Tag Archives: Kazu Patrick Tang

Movie Review: Baaghi (2016)

BaaghiEntertainment Factor: 3.5 Stars (out of 4)
Quality Factor: 1 Star

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Baaghi‘s sheer ineptitude is its greatest asset. It assembles a hodgepodge of movie cliches into something inadvertently hilarious.

Right off the bat, the movie hints at the stupidity to come. A henchman, Biju, enters the lair of the villain, Raghav (Sudheer Babu). “We found her,” Biju declares, handing his boss…a magazine with a woman on the cover?! Either Biju is the world’s worst detective, or this woman is the world’s worst at hiding.

Probably the latter. The woman is Siya (Shraddha Kapoor), who has some sort of disorder the film chalks up to spiritedness. Siya giggles whenever it rains, and she yells at the clouds when it stops. This is her entire character.

Despite being a mental lightweight, Siya’s beauty charms two men for whom nothing must matter but looks: Raghav and Ronny (Tiger Shroff), a standard issue Bollywood man-child brat whose overwhelming character flaws are forgiven because he’s cute.

In a flashback, we see Ronny fall in love with Siya on a train journey south to Kerala. She’s visiting her grandmother, and he’s joining a martial arts academy. He arrives at the academy bearing a note from his dad, who’s basically Chappy from Iron Eagle: “By the time you read this, I’ll be dead.” The head of the school is Chappy’s former comrade, and the note begs the headmaster to turn butthole Ronny into a decent human being.

There is no indication that Ronny knows or cares that his father is dead.

Raghav falls for Siya on the same train trip, despite never actually talking to her (which explains everything). She has no clue who he is. In addition to being the head of an international crime syndicate based in Bangkok, he’s also the headmaster’s best student… and son!

While Ronny romances Siya and gets Miyagi’d into shape by the headmaster, Raghav bribes Siya’s piece of crap dad (Sunil Grover) for her hand in marriage. A bunch of stuff happens that drives all the characters apart and out of Kerala, leading us back to the start of the film, with Raghav “finding” Siya and kidnapping her.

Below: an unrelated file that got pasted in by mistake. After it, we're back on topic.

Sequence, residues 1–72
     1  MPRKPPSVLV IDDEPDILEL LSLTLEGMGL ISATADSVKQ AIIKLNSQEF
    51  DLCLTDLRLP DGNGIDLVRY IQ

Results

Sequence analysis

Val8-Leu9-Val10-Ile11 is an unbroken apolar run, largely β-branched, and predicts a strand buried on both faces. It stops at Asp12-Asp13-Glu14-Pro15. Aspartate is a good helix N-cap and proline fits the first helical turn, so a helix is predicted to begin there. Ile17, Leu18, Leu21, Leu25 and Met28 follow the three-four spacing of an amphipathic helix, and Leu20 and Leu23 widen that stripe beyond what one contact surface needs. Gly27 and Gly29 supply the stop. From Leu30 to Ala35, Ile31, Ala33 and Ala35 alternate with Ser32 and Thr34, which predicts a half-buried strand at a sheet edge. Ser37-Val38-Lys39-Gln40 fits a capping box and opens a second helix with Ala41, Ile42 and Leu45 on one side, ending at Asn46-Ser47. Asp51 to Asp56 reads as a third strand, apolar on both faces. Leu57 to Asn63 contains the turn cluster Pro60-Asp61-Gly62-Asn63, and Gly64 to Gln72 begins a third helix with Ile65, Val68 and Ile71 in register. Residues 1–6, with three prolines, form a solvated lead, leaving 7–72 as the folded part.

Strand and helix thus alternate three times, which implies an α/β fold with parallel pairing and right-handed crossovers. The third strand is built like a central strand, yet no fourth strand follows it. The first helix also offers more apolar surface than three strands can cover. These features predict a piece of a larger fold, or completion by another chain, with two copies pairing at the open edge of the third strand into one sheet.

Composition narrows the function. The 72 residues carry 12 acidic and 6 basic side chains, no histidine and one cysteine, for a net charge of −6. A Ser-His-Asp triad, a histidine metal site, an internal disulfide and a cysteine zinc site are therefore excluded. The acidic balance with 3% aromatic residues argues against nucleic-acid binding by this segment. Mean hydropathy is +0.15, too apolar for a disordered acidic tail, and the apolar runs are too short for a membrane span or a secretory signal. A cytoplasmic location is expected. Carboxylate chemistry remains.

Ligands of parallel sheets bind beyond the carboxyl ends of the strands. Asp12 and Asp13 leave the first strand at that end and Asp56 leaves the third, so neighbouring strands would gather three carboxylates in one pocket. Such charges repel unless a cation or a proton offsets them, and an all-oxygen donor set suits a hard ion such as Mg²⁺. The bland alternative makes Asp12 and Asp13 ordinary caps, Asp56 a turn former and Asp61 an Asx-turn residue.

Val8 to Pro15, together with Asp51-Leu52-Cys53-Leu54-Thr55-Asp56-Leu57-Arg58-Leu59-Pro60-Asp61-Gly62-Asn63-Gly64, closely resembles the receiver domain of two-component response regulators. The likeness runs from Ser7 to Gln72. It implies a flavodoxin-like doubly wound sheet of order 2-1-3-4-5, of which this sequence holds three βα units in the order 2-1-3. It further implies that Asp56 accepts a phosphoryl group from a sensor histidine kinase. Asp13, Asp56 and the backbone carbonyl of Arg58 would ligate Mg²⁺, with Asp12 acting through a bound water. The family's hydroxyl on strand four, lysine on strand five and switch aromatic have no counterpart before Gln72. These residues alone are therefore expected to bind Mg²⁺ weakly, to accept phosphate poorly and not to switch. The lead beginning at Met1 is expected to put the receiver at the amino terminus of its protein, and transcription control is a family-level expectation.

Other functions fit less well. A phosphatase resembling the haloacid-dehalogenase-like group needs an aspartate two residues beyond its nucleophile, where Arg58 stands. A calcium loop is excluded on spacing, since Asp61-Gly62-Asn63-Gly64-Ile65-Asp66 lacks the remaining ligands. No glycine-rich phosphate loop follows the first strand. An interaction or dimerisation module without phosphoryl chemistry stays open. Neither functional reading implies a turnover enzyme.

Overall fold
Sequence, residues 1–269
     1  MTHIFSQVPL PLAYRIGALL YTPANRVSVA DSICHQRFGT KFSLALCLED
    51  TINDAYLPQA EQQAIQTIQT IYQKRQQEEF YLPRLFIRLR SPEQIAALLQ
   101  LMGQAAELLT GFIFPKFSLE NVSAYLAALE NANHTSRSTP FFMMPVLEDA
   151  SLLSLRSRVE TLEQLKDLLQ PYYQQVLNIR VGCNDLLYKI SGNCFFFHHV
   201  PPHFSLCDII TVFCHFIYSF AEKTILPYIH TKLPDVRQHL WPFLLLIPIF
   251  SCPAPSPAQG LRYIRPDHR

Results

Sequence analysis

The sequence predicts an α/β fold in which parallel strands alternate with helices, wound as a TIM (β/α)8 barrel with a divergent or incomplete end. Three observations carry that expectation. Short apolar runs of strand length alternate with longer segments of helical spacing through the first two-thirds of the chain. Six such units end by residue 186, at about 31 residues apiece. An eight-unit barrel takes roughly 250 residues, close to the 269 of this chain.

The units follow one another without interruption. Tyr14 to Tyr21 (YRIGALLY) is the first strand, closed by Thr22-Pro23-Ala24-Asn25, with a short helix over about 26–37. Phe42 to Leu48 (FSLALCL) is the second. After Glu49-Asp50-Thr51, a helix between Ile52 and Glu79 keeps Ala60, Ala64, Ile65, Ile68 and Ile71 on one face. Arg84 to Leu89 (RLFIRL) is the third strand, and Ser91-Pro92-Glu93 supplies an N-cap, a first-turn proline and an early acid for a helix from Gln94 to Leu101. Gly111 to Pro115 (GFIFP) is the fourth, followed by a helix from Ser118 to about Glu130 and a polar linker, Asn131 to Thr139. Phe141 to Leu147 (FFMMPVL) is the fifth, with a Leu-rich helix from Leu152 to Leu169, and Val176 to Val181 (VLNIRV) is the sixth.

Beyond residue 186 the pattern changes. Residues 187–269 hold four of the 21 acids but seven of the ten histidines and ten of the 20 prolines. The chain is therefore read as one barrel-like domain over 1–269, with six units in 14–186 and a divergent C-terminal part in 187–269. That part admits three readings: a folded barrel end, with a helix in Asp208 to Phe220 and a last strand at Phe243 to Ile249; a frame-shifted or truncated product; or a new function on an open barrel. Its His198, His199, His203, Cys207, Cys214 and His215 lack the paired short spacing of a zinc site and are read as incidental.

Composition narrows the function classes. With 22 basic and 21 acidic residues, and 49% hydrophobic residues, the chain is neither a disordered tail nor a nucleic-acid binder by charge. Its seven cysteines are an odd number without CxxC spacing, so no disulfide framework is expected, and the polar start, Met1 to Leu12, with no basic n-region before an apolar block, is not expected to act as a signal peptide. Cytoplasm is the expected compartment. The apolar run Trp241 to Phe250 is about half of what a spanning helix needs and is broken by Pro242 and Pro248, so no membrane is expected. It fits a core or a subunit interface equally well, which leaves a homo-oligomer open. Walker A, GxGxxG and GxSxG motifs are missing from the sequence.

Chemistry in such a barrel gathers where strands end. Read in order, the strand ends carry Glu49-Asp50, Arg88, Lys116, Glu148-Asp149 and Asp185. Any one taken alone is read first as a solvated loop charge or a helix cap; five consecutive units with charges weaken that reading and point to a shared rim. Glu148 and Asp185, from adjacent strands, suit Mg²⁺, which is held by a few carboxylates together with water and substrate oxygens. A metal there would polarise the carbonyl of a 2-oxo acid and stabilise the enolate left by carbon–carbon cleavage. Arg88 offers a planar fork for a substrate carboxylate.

Siya’s piece of crap dad pays Ronny to rescue Siya, a job Ronny only agrees to because he needs the money to — I shit you not — pay for surgery to help a mute little boy speak again. The mute boy can only say, “Ya ya,” which he does all the freaking time. The surgery is only mentioned once, with zero followup.

During a fight scene, the boy gets thrown about in the best cinematic instance of child-tossing since Gunda‘s Shankar tossed his adopted daughter to a monkey. There’s also a shootout at a quarry, again evoking Gunda imagery (as does all of the terrible acting and plot construction).

Speaking of evoking other movies, director Sabbir Khan and writer Sanjeev Datta boiled down the entire plot of The Raid: Redemption into one 14-minute-long action sequence. They did it so ham-handedly that the producers of The Raid took the producers of Baaghi to court. Make no mistake, the sequence is a total ripoff.

But that’s all Baaghi really is: a collection of elements of other movies awkwardly stapled together into an amateurish scrapbook. At times, the formula yields unintentionally hilarious results. Siya and Ronny make it onto a descending elevator seconds before Raghav, so what does Raghav do? He grabs a firehose and John McClanes it out the window to beat them to the ground floor!

There are many other golden moments that need to be seen to be believed, and the climax is a thing of botched beauty. Watching Shroff struggle to emote is likewise entertaining. Kapoor — who has it in her to be better than this — does nothing to help him.

Baaghi‘s worst moment is an alleged comedy sequence in which a blind cabdriver played by Sanjay Mishra molests a woman because she is Thai and wearing a miniskirt. It highlights a nasty strain of ethnocentrism in the film, which repeatedly belittles East Asian cultures. Another example is the atrocious wig the filmmakers force upon Kazu Patrick Tang, Bollywood’s all-purpose “East Asian bad guy.”